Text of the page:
Paint it black. “No colors anymore /I want them to turn black.” It’s good enough for Mick Jagger; it’s good enough for Vanessa Carlton’s cover; it’s good enough for us.
Consumer self-esteem doesn’t rank high in the fashion world. The designers aren’t considering our figures when they concoct one-shoulder animal print tops or skin-tight beet-purple jeans. We are not on American Idol. We are not on Dancing with the Stars. We haven’t worn a Size 8 since we were 26.
I want to tell my fellow over-Size 12 shoppers as they gently drift into the mall, “Abandon hope all ye who enter here. That isn’t the best look for you.”
My mother loves clothes and has a different philosophy. “Maybe the bigger women want to wear the new styles, too.”
She has a point. People love fashion. But I also think thin women should forgo one-shoulder animal print tops and beet-purple skinny jeans.
My mother loves clothes and hung onto everything for decades: soft cashmere sweaters and satin-lined wool skirts, brown and white saddle high heels, shirtdresses, linen dresses, pillbox hats, pant-dresses and culottes, stretch pants with stirrups, odd polyester garments, elegant beaded clutch purses, huge medallion necklaces, suede jackets with shoulder pads, faux fur coats. I raided her ’50s and ‘-60s wardrobe when I was young.
But I really couldn’t be bothered to shop for myself. She and I couldn’t be more different. “You were adopted,” my husband frequently suggested.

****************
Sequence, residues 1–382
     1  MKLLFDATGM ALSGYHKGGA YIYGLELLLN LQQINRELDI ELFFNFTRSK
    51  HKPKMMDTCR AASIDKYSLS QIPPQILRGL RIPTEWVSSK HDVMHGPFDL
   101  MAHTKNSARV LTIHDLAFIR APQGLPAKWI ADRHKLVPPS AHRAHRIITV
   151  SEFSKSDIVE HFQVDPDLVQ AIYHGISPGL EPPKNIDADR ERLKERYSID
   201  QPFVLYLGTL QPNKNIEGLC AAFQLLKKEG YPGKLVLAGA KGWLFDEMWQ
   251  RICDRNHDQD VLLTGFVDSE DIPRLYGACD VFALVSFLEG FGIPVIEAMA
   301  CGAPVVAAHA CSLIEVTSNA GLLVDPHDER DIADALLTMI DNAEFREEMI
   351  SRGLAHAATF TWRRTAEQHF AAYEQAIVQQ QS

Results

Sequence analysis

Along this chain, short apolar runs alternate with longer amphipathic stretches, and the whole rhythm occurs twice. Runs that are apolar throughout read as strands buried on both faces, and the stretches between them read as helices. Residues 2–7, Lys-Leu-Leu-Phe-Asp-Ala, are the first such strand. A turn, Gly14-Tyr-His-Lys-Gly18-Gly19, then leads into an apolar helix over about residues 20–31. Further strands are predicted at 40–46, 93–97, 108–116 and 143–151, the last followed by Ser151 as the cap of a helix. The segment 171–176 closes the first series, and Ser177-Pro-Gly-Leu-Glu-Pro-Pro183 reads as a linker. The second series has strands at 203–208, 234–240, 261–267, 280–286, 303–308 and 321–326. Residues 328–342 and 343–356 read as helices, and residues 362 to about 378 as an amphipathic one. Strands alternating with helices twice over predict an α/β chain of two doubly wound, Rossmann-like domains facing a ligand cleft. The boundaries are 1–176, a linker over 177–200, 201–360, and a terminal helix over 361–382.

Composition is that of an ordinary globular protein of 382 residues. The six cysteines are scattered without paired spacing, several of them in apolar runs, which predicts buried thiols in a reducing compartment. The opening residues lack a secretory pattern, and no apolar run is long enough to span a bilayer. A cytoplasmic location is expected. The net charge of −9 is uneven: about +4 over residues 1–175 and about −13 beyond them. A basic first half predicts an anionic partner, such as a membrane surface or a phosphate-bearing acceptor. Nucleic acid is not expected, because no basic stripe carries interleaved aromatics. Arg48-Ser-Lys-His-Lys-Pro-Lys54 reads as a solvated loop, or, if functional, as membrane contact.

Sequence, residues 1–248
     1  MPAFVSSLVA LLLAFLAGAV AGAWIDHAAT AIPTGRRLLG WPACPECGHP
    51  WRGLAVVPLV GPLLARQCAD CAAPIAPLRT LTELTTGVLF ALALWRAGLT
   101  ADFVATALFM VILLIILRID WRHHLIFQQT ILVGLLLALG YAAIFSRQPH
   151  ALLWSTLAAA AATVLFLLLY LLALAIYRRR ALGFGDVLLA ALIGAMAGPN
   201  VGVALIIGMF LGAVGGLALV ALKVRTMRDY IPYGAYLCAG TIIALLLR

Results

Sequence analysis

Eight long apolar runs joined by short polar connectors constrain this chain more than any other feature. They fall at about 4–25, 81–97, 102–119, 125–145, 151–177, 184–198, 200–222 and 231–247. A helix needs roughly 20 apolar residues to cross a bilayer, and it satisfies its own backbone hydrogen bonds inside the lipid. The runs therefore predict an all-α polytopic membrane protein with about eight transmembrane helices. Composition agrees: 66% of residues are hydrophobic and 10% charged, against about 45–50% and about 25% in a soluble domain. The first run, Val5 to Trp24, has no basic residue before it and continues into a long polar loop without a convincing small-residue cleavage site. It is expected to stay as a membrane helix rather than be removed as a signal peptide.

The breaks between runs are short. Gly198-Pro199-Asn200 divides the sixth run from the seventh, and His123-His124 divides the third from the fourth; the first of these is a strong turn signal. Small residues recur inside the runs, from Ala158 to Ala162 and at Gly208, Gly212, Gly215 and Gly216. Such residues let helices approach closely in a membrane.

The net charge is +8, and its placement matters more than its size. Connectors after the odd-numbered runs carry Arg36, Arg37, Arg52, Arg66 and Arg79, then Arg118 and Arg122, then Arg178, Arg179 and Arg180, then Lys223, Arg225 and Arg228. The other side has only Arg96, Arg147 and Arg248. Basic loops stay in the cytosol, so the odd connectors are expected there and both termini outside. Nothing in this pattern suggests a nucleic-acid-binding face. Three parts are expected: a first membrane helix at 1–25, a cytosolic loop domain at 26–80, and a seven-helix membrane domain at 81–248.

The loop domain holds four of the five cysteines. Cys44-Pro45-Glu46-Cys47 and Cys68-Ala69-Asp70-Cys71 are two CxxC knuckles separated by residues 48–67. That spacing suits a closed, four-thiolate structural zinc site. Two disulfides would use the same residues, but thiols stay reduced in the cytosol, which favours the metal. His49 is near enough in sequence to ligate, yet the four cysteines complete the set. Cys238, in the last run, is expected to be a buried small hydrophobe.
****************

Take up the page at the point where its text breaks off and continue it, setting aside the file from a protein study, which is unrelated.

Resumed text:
Strange items of clothing have surfaced over the years. A few years ago she gave me my First Communion dress, packed in tissue in the original Armstrong’s box. I looked at it, said thank you, took it home and parked it absent-mindedly on the floor of my closet. I didn’t quite know what to do with it.
I was weeding my closet the other day. Once again, I have no idea what to do with the First Communion dress. I can’t imagine anyone wanting yellowing white tulle at Goodwill. But eventually it will have to go there or into the trash.
As a girl who spent most of her time riding a bike, holding mysterious “witch club” meetings in the back yard (“Boil and bubble, boil and brew, now I cast a spell on you”), and playing with dolls and trolls, I wasn’t overly concerned with fashion. But the dress was very cute, in its day, and I remember the special shopping trip to Armstrong’s Department Store in Cedar Rapids, a city fueled by the good grain smell of the Quaker Oats factory. It was the first dress I ever picked out. I was very insistent about the tulle. A friend had to make do with cotton, poor girl! My white tulle dress had puffed sleeves, a sash with appliqued flowers, a satin slip, and a matching veil attached to a floral headband.
I was allowed to wear the dress to church for several Sundays after the First Communion until I outgrew it. Then she packed it away.
Looking at it makes me think of my wedding dress. White tulle? No!
On the morning of our wedding day, I had to work. I was required to attend the graduation ceremony at the school where I taught. Sitting in the bleachers in my tan teaching dress with blue pinstripes and puffed sleeves, I kept one eye on my watch while the students crossed the stage to receive their prizes and diplomas. Rushing back home, I helped my fiance finish loading the Ryder truck, and then we hopped on the bus and rode to the County Courthouse to get married.
Yes, I got married in the pinstripe dress. I still have it.
We drove the Ryder truck for a few hours–we were moving to another city where he had a job–and stopped to spend the night in a motel in Hagerstown, Maryland. We watched Silver Streak on cable TV.
Romantic, huh? It’s not that I wanted any of the white-wedding crap, but Hagerstown!
If I’d worn black or white, my guess is the night would have been more glamorous. We might have made it to Baltimore.